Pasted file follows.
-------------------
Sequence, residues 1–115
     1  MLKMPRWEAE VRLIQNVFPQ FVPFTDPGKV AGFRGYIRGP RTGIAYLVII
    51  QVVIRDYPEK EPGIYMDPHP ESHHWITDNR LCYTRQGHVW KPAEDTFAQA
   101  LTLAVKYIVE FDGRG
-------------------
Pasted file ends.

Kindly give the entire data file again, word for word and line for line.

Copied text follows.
Sequence, residues 1–115
     1  MLKMPRWEAE VRLIQNVFPQ FVPFTDPGKV AGFRGYIRGP RTGIAYLVII
    51  QVVIRDYPEK EPGIYMDPHP ESHHWITDNR LCYTRQGHVW KPAEDTFAQA
   101  LTLAVKYIVE FDGRG